entertainments than he professed to be. "I met him," says Sir Walter Scott (Memoirs of the Life, etc., 1838, ii. 167), "frequently in society.... Some very agreeable parties I can recollect, particularly one at Sir George Beaumont's, where the amiable landlord had assembled some persons distinguished for talent. Of these I need only mention the late Sir Humphry Davy.... Mr. Richard Sharpe and Mr. Rogers were also present."
Again, Miss Berry, in her Journal (1866, iii. 49) records, May 8, 1815, that "Lord and Lady Byron persuaded me to go with them to Miss [Lydia] White (vide post, p. 587). Never have I seen a more imposing convocation of ladies arranged in a circle than when we entered ... Lord Byron brought me home. He stayed to supper." If he did not affect "your blue-bottles," he was on intimate terms with Madame de Staël, "the Begum of Literature," as Moore called her; with the Contessa d'Albrizzi (the De Staël of Italy); with Mrs. Wilmot, the inspirer of "She walks in beauty like the night;" with Mrs. Shelley; with Lady Blessington. Moreover, to say nothing of his "mathematical wife," who was as "blue as ether," the Countess Guiccioli could not only read and "inwardly digest" Corinna (see letter to Moore, January 2, 1820), but knew the Divina Commedia by heart, and was a critic as well as an inspirer of her lover's poetry.
If it is difficult to assign a reason or occasion for the composition of The Blues it is a harder, perhaps an impossible, task to identify all the dramatis personæ. Botherby, Lady Bluemount, and Miss Diddle are, obviously, Sotheby, Lady Beaumont, and Lydia White. Scamp the Lecturer may be Hazlitt, who had incurred Byron's displeasure by commenting on his various and varying estimates of Napoleon (see Lectures on the English Poets, 1818, p. 304, and Don Juan, Canto I. stanza ii. line 7, note (to Buonaparte). Inkel seems to be meant for Byron himself, and Tracy, a friend, not a Lake poet, for Moore. Sir Richard and Lady Bluebottle may possibly symbolize Lord and Lady Holland; and Miss Lilac is, certainly, Miss Milbanke, the "Annabella" of Byron's courtship, not the "moral Clytemnestra" of his marriage and separation.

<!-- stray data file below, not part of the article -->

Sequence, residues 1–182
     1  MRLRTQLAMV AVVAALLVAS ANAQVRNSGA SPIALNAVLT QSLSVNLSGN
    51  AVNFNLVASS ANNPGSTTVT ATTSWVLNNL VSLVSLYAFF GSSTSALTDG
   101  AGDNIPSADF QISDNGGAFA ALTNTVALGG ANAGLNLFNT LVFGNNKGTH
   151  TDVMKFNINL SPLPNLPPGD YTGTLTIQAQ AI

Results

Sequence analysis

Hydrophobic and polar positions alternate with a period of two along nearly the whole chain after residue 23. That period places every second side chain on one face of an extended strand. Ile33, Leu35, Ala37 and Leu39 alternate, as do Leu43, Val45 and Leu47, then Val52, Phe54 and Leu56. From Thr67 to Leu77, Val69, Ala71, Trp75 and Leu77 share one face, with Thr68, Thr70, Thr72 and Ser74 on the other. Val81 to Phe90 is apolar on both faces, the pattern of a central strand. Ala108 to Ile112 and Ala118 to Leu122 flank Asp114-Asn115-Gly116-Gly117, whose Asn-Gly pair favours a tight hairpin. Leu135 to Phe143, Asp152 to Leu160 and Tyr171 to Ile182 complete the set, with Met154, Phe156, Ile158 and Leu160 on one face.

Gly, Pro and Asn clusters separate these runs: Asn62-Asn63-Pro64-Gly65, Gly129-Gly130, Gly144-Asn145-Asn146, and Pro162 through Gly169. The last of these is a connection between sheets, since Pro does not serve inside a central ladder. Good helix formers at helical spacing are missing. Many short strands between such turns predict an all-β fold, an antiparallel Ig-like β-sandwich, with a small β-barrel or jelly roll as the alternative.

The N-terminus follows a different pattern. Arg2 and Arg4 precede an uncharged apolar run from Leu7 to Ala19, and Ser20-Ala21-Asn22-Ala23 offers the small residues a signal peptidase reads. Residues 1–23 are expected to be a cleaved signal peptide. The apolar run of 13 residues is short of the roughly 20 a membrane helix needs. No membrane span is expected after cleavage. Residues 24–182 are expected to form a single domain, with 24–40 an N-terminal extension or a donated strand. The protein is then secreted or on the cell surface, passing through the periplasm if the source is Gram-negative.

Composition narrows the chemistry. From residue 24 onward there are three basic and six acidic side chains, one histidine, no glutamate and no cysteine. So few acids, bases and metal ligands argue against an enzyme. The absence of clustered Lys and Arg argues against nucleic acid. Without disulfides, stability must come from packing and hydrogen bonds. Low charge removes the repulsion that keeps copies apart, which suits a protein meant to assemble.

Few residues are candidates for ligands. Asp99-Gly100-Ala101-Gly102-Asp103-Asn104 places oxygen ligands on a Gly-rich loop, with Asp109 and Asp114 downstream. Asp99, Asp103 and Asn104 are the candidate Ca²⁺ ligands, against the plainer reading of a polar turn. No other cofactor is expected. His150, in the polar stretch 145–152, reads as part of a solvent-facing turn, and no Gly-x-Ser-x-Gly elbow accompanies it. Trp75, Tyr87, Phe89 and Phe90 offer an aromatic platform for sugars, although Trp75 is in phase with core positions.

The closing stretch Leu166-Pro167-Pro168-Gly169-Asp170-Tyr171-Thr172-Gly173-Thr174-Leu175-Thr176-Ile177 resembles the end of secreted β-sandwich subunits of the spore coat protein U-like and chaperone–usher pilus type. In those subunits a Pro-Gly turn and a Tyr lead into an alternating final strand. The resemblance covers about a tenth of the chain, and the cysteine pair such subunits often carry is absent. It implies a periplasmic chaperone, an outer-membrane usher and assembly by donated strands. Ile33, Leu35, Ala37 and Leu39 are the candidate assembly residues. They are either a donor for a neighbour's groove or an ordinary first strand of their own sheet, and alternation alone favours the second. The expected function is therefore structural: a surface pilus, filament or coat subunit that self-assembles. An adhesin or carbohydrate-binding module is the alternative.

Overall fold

The Blues was published anonymously in the third number of the Liberal, which appeared April 26, 1823, The "Eclogue" was not attributed to Byron, and met with greater contempt than it deserved. In the Noctes Ambrosianæ (Blackwood's Edinburgh Magazine, May, 1823, vol. xiii. p. 607), the third number of the Liberal is dismissed with the remark, "The last Number contains not one line